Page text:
Lian came to me because she had a skin rash on her face which she couldn't get rid of. I asked about some contextual information - her life, her stress levels, her healthy, diet, exercise, and family.
She was young - early 20’s - and already meditated. She had tried many health treatments, but nothing had got rid of it.
She was a quiet person, and said people often didn't notice her, except for her rash.
So I asked her to imagine that she was the rash, to describe herself. She said things like:
• I am red
• I cant hide
• I am sensitive
• I wont go away
• I am pushing people away
• I am ugly
• I am inflamed
I checked with her what she felt in her body when she made these statements. She reported feelings sensitive, hot, and uncomfortable.
I then explored with her each of the statements. I said ‘tell me about red’, and helped her to explore what red meant in her life. She told me about a sad memory of Chinese new year, with lots of red colour around, but her father did not return home.
Other statements also yielded stories. When she talked about hiding, she expressed how she wanted to hide from her mother, who beat her.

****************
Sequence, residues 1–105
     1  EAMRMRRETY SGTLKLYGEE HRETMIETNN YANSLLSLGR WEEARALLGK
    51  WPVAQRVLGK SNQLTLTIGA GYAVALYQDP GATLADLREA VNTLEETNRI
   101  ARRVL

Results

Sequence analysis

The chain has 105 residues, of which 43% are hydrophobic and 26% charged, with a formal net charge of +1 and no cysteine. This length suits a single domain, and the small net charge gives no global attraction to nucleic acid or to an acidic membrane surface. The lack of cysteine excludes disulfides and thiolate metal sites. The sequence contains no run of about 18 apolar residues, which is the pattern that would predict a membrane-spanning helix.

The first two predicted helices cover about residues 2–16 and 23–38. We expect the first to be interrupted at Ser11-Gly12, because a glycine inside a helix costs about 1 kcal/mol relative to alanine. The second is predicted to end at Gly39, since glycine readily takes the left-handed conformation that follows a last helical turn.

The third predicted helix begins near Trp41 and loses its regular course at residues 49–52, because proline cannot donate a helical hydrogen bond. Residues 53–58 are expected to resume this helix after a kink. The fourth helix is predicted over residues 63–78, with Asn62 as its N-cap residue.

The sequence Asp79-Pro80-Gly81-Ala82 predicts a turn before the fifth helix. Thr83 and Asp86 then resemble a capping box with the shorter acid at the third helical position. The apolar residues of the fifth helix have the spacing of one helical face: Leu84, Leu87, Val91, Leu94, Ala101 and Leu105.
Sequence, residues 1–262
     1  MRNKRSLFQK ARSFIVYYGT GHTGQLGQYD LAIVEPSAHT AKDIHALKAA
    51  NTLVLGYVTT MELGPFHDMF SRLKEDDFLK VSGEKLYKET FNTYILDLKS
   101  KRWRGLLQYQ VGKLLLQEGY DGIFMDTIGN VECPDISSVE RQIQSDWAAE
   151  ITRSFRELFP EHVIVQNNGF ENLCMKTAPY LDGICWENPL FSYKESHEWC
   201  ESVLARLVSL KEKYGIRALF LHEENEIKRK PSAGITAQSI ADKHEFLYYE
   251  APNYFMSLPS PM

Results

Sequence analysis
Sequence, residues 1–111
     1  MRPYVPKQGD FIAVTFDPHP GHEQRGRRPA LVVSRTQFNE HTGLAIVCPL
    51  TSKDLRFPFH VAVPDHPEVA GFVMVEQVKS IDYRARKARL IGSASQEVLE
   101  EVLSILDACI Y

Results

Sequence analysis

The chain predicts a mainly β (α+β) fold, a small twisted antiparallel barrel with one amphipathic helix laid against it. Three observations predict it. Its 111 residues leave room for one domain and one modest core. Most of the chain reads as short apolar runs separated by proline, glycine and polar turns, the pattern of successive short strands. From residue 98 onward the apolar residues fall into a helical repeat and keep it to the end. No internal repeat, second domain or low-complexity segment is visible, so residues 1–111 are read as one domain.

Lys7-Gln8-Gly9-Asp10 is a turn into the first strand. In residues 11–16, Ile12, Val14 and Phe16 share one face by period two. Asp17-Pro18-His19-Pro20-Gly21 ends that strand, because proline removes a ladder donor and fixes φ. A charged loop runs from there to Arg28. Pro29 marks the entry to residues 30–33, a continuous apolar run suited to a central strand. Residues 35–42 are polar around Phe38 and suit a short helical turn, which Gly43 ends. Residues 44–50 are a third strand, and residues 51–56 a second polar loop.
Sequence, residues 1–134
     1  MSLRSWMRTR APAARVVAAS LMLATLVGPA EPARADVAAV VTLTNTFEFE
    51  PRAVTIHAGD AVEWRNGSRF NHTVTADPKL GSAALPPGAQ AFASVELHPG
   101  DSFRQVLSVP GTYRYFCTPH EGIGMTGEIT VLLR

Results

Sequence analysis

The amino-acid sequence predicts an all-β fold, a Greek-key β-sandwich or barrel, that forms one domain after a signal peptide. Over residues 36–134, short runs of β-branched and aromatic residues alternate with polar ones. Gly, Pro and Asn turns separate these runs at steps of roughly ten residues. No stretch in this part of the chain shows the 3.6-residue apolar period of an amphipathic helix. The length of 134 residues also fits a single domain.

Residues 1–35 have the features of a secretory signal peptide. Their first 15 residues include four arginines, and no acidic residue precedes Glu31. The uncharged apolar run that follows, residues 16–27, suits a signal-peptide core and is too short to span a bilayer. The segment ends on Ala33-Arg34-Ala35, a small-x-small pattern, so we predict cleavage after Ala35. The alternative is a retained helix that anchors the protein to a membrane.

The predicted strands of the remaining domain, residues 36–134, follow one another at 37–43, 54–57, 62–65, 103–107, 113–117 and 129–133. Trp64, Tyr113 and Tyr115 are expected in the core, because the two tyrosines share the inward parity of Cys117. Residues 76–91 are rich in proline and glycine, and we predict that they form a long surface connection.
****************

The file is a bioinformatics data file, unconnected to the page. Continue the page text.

I asked her about pushing people away. At first she couldn't explain that to me - she was a very kind person, who always wanted to do things for other. But as we went deeper, it became apparent that she used being the ‘giver’ in relationship to not allow people close to her. To accept from others means to let them come closer.
The one that yelled a lot of power was ‘pushing people away’. I asked her to say that to me directly: “I want to push you away.” This brought up a lot of energy, once she got over her shyness. I invited her to push against my hands, so she could embody the pushing away.
She did this tentatively at first, and then more and more strongly. All her energy came through her hands.
I asked her what she felt: anger. So we worked with her embodying her anger.
I only saw her twice, but she reported to me some time later that her rash had mostly cleared up, and that she was able to be more assertive in her life and relationships.
Posted by Steve Vinay Gunther